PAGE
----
I love to read old garden magazines. You learn a lot about the growth of…
In the 1890s advertising took off in a new direction.
No longer did the company simply provide information about a product or service in an ad.
Ads appeared everywhere, including the streetcar.
The goal of course was to persuade the viewer to buy a product or service.
Nineteenth century Philadelphia seedsman W. Atlee Burpee believed advertising was necessary for any business to succeed. In his 1897 catalog he wrote, “Advertising is as necessary an annual expenditure as the payment of taxes or rent …. Intelligent buyers realize that a good thing is worth advertising, and thus, making more sales, instead of increasing, advertising actually reduces the cost of goods.”
Companies were on the lookout for any new method of advertising in order to reach that customer.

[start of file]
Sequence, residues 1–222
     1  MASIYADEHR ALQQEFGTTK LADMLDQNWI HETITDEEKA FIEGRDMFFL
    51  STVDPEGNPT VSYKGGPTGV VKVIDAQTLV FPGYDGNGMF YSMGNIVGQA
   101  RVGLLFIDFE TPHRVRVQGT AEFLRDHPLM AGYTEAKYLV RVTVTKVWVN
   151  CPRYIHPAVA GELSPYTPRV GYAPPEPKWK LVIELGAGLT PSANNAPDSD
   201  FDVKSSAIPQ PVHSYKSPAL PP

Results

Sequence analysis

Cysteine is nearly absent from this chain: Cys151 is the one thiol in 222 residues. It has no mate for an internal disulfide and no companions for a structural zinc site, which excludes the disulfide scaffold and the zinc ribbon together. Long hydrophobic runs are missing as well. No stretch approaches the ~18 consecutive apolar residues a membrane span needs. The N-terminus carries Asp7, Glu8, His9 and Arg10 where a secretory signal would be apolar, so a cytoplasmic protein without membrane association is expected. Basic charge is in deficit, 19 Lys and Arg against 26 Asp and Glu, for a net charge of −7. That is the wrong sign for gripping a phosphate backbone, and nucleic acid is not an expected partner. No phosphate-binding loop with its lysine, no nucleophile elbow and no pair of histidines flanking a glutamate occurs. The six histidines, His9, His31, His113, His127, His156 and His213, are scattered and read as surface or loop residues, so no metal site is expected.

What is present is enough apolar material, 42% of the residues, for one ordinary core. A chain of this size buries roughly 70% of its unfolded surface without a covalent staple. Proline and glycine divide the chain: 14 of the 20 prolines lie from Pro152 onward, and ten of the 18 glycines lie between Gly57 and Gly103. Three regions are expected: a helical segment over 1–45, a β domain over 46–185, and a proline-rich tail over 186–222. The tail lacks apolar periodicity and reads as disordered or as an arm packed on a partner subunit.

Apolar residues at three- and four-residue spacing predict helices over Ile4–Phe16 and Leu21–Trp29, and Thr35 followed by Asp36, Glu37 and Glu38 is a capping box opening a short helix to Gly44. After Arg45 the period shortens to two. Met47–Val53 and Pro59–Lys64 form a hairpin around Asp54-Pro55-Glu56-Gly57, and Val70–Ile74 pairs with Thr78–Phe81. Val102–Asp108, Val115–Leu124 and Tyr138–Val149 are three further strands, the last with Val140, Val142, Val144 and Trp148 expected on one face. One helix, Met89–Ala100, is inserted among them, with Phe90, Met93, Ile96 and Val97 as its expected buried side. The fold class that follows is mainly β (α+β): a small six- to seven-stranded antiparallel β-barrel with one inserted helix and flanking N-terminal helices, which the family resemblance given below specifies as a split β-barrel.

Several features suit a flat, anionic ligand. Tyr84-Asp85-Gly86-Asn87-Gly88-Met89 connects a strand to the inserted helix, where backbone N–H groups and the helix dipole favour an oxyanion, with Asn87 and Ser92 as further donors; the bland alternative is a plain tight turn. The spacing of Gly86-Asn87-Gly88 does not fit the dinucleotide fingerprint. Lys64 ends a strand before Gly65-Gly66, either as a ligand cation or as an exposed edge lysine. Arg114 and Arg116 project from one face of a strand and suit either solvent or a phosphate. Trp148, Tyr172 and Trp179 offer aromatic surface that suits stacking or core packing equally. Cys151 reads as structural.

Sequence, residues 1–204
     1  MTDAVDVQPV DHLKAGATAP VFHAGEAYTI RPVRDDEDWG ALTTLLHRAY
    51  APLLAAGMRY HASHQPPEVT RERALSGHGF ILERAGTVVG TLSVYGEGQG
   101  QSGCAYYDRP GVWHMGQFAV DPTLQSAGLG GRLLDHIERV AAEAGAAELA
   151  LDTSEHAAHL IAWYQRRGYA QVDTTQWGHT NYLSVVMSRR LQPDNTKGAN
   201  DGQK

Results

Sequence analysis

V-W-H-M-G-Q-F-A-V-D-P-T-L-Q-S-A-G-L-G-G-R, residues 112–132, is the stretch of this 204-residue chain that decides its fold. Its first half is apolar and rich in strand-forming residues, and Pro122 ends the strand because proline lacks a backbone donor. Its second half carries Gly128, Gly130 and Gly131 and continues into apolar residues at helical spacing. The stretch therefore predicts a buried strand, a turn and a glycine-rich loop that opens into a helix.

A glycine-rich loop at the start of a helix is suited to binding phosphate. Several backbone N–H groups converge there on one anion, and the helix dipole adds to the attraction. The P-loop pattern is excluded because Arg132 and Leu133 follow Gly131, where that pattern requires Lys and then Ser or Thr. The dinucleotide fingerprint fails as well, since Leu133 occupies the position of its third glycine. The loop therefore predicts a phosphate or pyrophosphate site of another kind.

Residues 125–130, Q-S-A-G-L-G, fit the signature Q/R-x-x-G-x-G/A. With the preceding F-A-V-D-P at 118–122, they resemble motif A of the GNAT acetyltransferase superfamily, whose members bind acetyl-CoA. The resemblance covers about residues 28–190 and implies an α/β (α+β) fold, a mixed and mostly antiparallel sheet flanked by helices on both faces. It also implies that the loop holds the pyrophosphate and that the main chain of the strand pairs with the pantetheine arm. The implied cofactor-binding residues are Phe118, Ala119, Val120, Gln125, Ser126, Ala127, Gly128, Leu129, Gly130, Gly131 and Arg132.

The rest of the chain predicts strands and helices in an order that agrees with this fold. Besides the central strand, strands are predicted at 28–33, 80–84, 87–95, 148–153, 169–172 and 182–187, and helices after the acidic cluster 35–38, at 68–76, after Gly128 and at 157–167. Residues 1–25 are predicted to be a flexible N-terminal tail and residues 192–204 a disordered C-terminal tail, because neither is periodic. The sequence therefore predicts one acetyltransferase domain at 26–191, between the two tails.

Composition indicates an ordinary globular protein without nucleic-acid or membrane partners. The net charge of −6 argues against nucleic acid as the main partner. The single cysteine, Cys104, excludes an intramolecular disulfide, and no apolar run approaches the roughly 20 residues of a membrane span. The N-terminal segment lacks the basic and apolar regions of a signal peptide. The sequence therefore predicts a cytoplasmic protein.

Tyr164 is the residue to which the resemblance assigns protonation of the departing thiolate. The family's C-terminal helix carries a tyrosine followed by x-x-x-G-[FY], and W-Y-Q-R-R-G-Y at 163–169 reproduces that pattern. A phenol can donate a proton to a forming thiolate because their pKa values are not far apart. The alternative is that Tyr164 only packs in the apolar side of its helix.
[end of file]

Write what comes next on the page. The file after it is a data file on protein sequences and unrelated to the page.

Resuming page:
Today those who have something to sell also pursue any avenue to reach an audience.
Here is a one-minute video that illustrates the strategies of today’s advertisers: the future of advertising.
Historian Thomas Cochran in his book The Pabst Brewing Company about the origin of the largest brewery in late nineteenth century America gives some insight into how companies viewed advertising. He wrote: “Advertising managers were in a hard spot in all companies in the latter nineties. Advertising mediums and practices were growing at a rate that business executives could scarcely appreciate. Campaigns that appeared daring from the standpoint of a few years earlier might, in truth, be small scale, and behind the times.”
In the 1890s most seed companies and nurseries sought to build their business by the new forms of advertising.
Gardeners across America became their market. So it was no surprise that the same kind of garden appeared from California to Maine.